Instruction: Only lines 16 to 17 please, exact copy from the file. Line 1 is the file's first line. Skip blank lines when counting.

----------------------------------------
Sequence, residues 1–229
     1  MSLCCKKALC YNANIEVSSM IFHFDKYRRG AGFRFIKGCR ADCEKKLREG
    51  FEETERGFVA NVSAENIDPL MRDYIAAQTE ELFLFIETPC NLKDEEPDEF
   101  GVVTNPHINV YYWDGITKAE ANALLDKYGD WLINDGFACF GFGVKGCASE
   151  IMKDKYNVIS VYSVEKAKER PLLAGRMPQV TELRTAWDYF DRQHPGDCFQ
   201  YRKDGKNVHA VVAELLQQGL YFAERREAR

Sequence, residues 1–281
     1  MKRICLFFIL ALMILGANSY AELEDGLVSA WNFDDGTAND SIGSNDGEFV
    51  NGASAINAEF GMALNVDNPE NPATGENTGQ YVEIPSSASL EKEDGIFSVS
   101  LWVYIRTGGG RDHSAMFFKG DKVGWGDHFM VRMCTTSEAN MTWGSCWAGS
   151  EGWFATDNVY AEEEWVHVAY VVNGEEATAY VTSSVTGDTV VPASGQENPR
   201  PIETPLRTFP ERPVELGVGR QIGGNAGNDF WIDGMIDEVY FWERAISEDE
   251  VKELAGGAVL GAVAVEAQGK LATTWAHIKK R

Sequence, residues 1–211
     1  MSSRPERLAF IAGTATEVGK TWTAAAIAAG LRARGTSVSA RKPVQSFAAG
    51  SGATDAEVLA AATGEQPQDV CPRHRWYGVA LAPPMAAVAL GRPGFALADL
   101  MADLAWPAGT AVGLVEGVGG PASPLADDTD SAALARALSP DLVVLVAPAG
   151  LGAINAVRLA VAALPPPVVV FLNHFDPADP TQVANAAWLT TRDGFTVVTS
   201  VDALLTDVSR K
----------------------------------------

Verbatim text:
    51  SGATDAEVLA AATGEQPQDV CPRHRWYGVA LAPPMAAVAL GRPGFALADL
   101  MADLAWPAGT AVGLVEGVGG PASPLADDTD SAALARALSP DLVVLVAPAG